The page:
National Labor Relations Board to Begin Hearings on Workers Complaint Against Mercedes April 7 –
By Glynn Wilson –
BIRMINGHAM, Ala. — Union workers and members of the public who understand the important role organized labor plays in public affairs across America will be watching to see what happens when the National Labor Relations Board begins hearings next week on charges that Mercedes corporate officials in Vance interferred with employees in the exercise of their rights under the National Labor Relations Act.
The hearing is set to begin on Monday, April 7, at 10 a.m. in the Birmingham regional office.
Mercedes workers who are trying to organize a union in Alabama held a press conference in February to announce their support for the complaint, which says that Mercedes-Benz U.S. International interfered with employees’ rights by prohibiting them from talking about unionizing during work time, threatening employees with termination if they discussed the union during work time, and threatening employees up to and including termination if they solicited for the union inside the plant.
We were there to cover the event and provided more complete, comprehensive coverage than any news organization in the U.S.
The plant near Tuscaloosa is the only Mercedes production plant in the world where workers are not unionized.
“We’ve been intimated. They use scare tactics. They scare the rest of my team members,” George Jones, a former union president who has worked at Mercedes for more than 17 years, said. “If we had the opportunity to freely express ourselves and enlighten the team members on the importance of being in a union (and if Mercedes management were actually behaving neutrally as their global policy states) we would be unionized.”
Workers and their supporters say the company’s treatment of Mercedes workers also violates the company’s own internal global policy, the Principles of Social Responsibility, which is an agreement between parent company Daimler and its workforce that says management is to remain “neutral” during organizing campaigns at its facilities around the globe.
Jim Spitzley, who has worked at Mercedes for more than 17 years in the Quality Department, said he sees more support for the union now than ever before, but he knows that management’s scare tactics have had a profound, negative effect on the campaign. He talked about the intimidation of workers, fear mongering on behalf of management, threatening remarks about workers not being promoted and even fired if they even so much as mention the idea of forming a union.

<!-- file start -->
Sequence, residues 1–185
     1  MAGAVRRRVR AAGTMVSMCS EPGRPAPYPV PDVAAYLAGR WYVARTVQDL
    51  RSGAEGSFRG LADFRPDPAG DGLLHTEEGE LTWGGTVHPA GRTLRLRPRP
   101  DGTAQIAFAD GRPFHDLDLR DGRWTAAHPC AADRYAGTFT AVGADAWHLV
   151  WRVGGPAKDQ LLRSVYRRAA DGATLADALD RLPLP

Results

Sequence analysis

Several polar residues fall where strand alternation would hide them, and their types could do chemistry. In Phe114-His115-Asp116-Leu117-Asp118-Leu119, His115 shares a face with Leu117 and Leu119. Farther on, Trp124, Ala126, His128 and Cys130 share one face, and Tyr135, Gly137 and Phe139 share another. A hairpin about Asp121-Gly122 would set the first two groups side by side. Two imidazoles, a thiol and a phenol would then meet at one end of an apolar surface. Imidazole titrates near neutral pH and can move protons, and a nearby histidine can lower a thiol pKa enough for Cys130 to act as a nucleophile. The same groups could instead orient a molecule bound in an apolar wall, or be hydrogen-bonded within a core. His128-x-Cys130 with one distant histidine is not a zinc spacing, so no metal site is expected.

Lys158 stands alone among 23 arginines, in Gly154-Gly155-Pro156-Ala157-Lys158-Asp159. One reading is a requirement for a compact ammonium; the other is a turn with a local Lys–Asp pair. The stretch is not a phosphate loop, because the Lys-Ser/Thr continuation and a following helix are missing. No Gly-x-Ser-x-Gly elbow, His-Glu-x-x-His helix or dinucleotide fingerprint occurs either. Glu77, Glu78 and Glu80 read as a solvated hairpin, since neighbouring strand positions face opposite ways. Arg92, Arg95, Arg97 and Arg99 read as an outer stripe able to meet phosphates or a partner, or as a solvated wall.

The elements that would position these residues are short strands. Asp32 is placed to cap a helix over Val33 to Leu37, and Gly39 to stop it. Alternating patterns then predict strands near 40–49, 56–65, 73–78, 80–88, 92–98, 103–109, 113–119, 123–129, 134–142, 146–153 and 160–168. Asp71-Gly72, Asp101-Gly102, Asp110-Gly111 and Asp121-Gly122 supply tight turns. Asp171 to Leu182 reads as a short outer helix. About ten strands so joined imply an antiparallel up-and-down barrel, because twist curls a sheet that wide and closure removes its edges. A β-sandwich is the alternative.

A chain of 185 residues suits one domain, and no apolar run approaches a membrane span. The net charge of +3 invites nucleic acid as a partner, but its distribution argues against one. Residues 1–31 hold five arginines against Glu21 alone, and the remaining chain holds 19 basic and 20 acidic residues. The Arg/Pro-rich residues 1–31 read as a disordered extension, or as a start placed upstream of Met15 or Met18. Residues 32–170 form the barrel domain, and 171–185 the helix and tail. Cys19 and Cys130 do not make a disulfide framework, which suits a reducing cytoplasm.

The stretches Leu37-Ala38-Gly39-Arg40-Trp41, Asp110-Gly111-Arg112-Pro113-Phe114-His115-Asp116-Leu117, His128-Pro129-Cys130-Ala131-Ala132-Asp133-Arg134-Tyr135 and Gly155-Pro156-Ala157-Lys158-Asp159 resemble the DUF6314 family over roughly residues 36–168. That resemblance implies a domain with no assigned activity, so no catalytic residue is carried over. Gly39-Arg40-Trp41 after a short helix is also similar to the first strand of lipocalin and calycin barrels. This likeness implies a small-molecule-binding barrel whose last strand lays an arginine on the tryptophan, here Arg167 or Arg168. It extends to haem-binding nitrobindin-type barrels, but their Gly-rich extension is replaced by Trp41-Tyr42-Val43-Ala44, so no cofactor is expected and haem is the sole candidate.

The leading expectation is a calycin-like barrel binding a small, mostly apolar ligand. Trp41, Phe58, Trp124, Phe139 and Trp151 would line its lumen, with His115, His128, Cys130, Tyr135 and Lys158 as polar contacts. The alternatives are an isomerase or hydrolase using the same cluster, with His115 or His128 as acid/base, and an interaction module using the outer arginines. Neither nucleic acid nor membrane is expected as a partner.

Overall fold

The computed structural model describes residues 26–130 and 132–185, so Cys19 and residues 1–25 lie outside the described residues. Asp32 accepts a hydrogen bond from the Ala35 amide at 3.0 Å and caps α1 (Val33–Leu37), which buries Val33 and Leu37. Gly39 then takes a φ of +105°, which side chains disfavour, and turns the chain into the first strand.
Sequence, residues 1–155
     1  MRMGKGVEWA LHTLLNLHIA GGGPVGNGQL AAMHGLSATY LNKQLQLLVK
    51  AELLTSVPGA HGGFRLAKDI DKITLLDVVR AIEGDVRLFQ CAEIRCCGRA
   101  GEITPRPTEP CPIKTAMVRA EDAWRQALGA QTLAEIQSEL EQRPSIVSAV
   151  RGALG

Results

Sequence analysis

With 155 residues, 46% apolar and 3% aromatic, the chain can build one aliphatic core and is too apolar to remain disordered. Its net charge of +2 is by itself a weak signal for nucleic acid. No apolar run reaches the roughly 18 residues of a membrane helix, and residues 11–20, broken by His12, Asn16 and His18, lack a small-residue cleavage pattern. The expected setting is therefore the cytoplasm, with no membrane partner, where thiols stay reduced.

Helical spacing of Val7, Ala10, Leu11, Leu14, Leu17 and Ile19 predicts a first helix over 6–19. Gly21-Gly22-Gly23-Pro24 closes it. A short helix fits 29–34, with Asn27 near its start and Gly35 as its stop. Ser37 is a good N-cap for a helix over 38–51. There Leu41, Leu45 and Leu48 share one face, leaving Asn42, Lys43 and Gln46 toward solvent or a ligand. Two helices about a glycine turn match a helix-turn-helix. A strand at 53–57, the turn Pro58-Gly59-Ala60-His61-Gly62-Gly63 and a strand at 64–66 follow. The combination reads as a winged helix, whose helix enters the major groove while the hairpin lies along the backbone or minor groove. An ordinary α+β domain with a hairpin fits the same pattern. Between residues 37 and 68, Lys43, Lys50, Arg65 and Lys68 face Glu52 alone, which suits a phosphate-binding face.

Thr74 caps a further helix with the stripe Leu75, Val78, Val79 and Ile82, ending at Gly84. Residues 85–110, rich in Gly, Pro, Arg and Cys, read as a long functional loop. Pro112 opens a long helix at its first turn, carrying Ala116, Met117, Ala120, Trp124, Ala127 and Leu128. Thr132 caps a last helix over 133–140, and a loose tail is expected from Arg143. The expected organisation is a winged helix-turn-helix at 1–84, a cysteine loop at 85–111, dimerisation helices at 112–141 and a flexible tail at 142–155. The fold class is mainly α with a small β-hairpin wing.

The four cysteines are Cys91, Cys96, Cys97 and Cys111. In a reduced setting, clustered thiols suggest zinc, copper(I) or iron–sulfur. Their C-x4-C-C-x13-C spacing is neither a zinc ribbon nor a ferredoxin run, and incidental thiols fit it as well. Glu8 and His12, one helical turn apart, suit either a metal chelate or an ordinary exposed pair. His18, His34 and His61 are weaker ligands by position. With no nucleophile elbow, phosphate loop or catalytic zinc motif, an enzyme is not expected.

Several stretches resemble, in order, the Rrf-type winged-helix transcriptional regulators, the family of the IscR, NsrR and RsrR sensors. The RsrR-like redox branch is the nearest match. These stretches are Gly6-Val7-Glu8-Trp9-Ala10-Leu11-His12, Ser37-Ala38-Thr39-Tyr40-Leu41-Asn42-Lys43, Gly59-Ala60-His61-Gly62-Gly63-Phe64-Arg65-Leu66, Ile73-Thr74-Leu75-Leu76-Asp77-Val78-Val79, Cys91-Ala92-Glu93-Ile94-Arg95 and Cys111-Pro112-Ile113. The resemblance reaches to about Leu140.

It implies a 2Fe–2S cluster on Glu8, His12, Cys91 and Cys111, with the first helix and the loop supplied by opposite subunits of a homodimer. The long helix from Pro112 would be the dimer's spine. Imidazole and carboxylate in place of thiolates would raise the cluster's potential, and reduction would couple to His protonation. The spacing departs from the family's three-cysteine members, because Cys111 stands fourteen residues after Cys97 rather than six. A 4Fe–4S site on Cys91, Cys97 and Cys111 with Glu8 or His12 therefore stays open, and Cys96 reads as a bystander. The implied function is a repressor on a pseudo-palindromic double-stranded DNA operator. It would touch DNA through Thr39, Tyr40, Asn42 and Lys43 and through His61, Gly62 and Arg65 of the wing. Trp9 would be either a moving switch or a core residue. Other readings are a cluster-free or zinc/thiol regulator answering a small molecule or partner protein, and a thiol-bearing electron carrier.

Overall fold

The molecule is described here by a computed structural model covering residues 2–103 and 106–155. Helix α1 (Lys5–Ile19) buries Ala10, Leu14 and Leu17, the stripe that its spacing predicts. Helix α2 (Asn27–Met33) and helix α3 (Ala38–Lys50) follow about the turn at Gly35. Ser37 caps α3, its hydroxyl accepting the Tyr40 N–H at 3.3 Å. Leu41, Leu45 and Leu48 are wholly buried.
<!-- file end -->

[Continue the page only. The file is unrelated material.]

“This has to be stopped,” Spitzley said. “We do want a voice in our work place.”
Since the Citizens United vs. FEC Supreme Court decision in 2010, in which a majority of conservative, Republican justices granted corporations the same rights as individuals with the unlimited power to give money to politicians in unregulated amounts, unions have become even more important in American political life since unions were also mentioned many times in the court’s decision.
The problem is that since the mainstream media in America and places like Alabama will not tell people the whole story about the impact of that decision, many union and non-union workers do not realize that they often vote against their own economic best interests on election day.
As we have pointed out many, many times over the past few years, unions are about the only organizations now with the legal authority to tackle fighting corporations in their greedy drive to privatize everything in American life for their own profits. It is unbridled corporate capitalism at its worst, creating a world where no one at the top can be held accountable for the failure of our economic system.
At least if government were allowed to be involved in the economy, politicians could be held accountable on election day. Not so with company CEOs, who answer to no one but stockholders who also gain from policies driven by profit statements without regard to the welfare of workers or the economy at large.
Unfortunately, a majority of blue collar union workers in America tend to vote for the very people who would literally break up the unions and drive wages and working conditions down even further, the same conservative, Republicans who are even fighting an increase in the minimum wage in Congress.
Until union workers get it together and start helping the rest of us in the fight to change the United States back into an egalitarian democracy where workers matter, our economy and political system will continue to languish.
Read more about the case here.
At least some workers in Southern states like Alabama are starting to see the light. See more coverage and watch the videos of the press conference here.
In a related case, the U.S. Supreme Court just ruled again that a big money Republican donor in Alabama may give unlimited amounts to politicians.
© 2014, Glynn Wilson. All rights reserved.